So, I was leaving Costco yesterday after making my monthly family purchases (we've been members since 1999) and I started thinking that I may have to truly leave Costco one day soon, and feeling sad about it. I like Costco. I get lots of organic products there. I like that they pay fair wages, and I like other things about themas a company. It also helps stretch my family's budget when I buy carefully with consideration of what I know my family actually uses. But this fresh produce donation thing (and the fact that Costco doesn't) is really becoming a problem in my head.
It still doesn't make sense to me that there's not a solution (although BJ's Warehouse seemed to figure it out when it embraced fresh food donations in a big way, starting in November, 2011).As Jeff implies , "Perhaps the solution is in the problem." So I got to thinking about how I have a feeling ( from articles such as this ) that Costco maybe doesn't quite trust the Bill Emerson Good Samaritan Act of 1996. And maybe that's the problem. And how Bill Clinton passed that act. And how Bill Clinton is now heavily involved in helping reduce childhood obesity (which more fresh fruits and veggies to those in need, to the tune of 12 tons a week for just one carload per Costco warehouse,could help do) through his Clinton Foundation. And how maybe he might be able to provide some information to Costco to address its concerns and help it overcome its reluctance to donate its "unsellable" but still edible fruit and vegetable "waste." And how maybe that's the solution. So I wrote to him. Dear Clinton Foundation I have discovered that Costco appears to be the only major food retailer in the U.S. that does not donate its "unsellable" but still edible fresh produce to food banks for distribution to those in need. I have written about this extensively (see here for an overview post). I think there is some concern about liability, and some lack of faith in the Bill Emerson Good Samaritan Act. Since former President Clinton passed that act, and since he is involved with helping reduce childhood obesity, I thought he might be able to help persuade Costco to change its corporate stance. Thoughts?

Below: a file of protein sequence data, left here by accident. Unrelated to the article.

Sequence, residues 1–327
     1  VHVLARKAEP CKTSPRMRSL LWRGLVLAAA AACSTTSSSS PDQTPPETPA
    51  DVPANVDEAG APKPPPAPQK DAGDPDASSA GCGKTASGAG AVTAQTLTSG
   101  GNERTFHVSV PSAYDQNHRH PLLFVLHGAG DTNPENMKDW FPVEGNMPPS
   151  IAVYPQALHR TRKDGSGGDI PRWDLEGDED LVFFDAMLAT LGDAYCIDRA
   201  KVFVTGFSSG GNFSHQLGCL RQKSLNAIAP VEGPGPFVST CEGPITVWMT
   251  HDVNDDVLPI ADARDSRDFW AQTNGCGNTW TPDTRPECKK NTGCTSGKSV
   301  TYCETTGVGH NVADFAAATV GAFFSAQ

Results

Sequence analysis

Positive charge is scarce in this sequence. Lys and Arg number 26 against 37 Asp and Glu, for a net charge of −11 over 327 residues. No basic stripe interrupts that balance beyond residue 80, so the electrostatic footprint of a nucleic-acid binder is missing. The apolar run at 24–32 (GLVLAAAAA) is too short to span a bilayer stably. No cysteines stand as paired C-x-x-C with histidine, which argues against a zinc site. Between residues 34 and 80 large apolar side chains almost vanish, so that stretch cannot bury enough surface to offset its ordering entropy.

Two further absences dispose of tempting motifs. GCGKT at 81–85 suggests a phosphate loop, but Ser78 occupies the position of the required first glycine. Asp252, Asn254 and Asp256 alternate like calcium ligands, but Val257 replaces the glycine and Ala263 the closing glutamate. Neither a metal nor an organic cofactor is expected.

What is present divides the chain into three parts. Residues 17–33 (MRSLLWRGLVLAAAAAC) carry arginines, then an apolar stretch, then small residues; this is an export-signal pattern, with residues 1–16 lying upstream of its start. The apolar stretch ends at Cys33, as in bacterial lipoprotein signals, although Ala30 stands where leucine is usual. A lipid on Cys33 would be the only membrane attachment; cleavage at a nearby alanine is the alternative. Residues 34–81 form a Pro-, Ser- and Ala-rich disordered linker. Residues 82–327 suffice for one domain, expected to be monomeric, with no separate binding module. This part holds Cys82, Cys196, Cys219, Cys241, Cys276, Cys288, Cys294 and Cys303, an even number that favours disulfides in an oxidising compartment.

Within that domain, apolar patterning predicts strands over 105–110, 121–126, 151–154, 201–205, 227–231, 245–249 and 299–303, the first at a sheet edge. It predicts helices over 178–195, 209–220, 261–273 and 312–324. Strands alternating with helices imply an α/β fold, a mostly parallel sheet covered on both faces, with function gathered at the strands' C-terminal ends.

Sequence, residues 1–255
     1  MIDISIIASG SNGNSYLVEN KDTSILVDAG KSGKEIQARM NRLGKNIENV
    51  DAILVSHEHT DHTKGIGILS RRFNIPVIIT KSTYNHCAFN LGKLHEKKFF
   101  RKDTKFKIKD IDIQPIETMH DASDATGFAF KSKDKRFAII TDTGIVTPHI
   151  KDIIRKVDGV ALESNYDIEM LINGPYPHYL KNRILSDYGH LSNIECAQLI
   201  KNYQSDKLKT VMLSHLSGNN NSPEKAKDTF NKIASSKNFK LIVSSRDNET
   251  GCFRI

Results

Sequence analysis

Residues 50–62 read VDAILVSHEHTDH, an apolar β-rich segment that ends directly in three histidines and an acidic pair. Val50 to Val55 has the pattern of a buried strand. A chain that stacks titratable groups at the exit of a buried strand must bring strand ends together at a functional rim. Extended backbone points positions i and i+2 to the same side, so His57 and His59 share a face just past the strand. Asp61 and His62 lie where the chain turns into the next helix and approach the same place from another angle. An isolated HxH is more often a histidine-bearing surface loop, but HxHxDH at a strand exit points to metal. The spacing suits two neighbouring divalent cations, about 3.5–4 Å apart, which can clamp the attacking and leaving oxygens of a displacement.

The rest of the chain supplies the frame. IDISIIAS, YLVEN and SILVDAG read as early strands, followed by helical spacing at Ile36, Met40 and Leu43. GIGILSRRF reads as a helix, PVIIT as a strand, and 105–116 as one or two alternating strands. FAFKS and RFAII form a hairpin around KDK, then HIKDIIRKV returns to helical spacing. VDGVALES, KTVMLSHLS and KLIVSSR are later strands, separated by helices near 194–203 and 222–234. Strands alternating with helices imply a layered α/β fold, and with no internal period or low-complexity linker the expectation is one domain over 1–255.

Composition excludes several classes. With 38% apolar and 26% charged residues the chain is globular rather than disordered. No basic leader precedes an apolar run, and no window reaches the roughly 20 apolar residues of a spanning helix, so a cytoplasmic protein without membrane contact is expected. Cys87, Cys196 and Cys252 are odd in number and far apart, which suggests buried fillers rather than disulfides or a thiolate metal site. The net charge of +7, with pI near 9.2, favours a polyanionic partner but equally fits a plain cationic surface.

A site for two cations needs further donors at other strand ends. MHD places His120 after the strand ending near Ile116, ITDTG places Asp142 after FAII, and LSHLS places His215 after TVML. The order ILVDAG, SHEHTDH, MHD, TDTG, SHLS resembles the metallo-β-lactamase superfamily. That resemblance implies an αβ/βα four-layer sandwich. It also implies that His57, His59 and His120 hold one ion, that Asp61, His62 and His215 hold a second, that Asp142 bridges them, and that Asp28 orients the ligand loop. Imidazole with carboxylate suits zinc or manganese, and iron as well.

Thank you for all you do.
Learning as I grow, Pattie Baker So, we'll see.
P.S. Two of David's "supermarket partners" have asked him to come on Mondays as well as Wednesdays (which is the day of our food pantry), so he has done that for two weeks so far (pictured is what he got the first week, which he brought to our food pantry ). This week, he started bringing the Monday haul to the the Fugees Academy , the only school exclusively for refugee-children-of-war in the United States, for whom we helped build a garden almost a year ago to the day. He brought about 225 pounds of potatoes, grapes, greens, and more, which will be used in school lunches and sent home with the students for their families. None was from Costco. Imagine what is possible.